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5 Answers

What forecast winds to use for the climb in a VFR flight plan?

Asked by: 2812 views Student Pilot

Say you are working up a VFR flight plan and you make your first checkpoint the Top of Climb.  Now you want to compute your compass heading, ground speed, etc... for the climb based on the wind correction angle. What winds do you use to compute this?  I see a few options:

  1. Don't worry about computing a wind correction angle for the climb out. Just use the time, distance and fuel from the POH. 
  2. Use the winds at cruising and the winds on the ground and interpolate.
  3. Use the winds at cruising

A second question is what winds do you use for computing  wind correction at cruise if your plan to cruise at 7500 feet and the first level of forecast winds on your route is at 9000?  Do you just use the winds at 9000?  Or perhaps use RUC forecast soundings instead of the traditional winds aloft forecast?


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5 Answers

  1. Mark Kolber on Jan 11, 2014


    While you can go crazy with trying to compute exact numbers and do an new calculation for every 1,000 feet, remember that the winds aloft are forecast winds aloft. On top of that, what if your departure airport is towered and Tower insists you head in the opposite direction first because of traffic considerations. There go your calcs.

    While it’s a very nice exercise is learning to use the E6B, there’s not much practical use for calculating winds in a climb or even assuming your TOC waypoint is even one you will actually pass along the way.

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  2. Austin on Jan 11, 2014

    I recently blogged about how climb and enroute winds that weren’t forecasted took a 3.9 hour flight and turned it into a 4.7 hour flight.. Landed with 4 gallons of usable fuel remaining. I was limited on places to land, IFR at night in the winter over mountains in a country that has airports spread out over the course of a large distances. Sticky situation. Have to use good judgement. Here it is if you want to check it out:


    -Austin, CFI

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  3. Austin on Jan 11, 2014

    Interpolate. However, I strongly caution any pilot with fully relying on any winds aloft data. Be cautious and take note that actual conditions match forecasted. Not trying to sound like a big brother or anything, but I care enough about everyone to share some of my experiences.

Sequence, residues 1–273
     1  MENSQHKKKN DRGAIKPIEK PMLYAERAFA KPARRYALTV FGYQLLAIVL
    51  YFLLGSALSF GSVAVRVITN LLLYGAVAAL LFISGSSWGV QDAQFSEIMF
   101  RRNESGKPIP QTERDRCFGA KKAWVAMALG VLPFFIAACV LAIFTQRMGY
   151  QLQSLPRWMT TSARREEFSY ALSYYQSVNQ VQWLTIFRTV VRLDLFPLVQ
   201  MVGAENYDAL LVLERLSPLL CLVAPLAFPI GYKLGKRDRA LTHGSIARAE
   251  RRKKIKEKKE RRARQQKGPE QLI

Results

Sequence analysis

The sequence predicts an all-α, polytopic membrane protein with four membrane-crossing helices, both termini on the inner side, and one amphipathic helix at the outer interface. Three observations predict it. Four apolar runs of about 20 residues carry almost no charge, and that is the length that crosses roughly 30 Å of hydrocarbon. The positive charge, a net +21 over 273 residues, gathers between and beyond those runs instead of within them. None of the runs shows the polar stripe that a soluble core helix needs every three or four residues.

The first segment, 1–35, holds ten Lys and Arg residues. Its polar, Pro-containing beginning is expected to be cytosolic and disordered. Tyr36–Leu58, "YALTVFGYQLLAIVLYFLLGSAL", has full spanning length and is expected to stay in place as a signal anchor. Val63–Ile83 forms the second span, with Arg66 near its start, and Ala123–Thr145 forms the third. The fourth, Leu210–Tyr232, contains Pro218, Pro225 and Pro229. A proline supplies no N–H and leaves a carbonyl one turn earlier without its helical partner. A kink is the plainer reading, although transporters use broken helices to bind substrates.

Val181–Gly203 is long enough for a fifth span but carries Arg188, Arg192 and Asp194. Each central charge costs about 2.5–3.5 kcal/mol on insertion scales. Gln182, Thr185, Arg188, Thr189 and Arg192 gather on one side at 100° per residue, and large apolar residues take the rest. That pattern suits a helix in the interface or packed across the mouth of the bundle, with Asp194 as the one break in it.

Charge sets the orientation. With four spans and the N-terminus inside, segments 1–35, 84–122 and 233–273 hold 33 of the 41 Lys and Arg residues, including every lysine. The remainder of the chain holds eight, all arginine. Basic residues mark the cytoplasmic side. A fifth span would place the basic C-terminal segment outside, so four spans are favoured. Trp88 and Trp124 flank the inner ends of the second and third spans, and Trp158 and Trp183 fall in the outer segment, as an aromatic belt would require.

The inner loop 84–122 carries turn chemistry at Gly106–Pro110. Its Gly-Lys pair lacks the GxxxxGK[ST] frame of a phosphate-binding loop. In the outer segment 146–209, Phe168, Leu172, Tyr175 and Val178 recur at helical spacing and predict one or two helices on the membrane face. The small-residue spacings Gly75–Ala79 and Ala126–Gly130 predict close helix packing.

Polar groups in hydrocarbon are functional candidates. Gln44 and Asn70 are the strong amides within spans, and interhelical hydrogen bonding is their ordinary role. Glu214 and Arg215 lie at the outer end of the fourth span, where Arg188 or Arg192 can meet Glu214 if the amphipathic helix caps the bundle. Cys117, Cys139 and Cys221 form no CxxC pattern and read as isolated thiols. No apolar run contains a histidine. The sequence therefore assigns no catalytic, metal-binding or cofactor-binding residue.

I recently wrote a blog about encountering a dilemma dealing with this. The winds in the climb and cruise far exceeded the speed and direction that was forecasted. A 3.7 hour flight turned into a 4.7 hour flight and a landing with 4 gallons of usable fuel (C172~5 hours of fuel). We were limited on options.. midnight in the winter, IFR, over mountains and in a country where airports are spread apart by several several miles. If you’re interested in it, you can read about it:


    -Austin, CFI and UH-60 Pilot

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  4. Wes Beard on Jan 12, 2014

    I use the winds halfway between the airport elevation and the top of climb altitude.

    If departing at sea level and climbing to 8000′ then interpolate for the winds at 4000′.

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  5. Mark Kolber on Jan 14, 2014

    Austin makes an excellent point. We always talk about maintaining situational awareness. That applies to this as well. Is our climb going to be to 3000-4000 agl or are we heading up to 8000-9000? That’s going to make a difference. It’s also a reason for a top of climb time check to see how our fuel calculations (which is really what it’s all about) are doing.

    Btw, a top of climb check does not require the calculation of a specific TOC checkpoint. All it requires is a checkpoint away from the departure airport which you will head toward even if you takeoff in the opposite direction and have to maneuver in the airport area. That should be pretty standard fare in flight planning.

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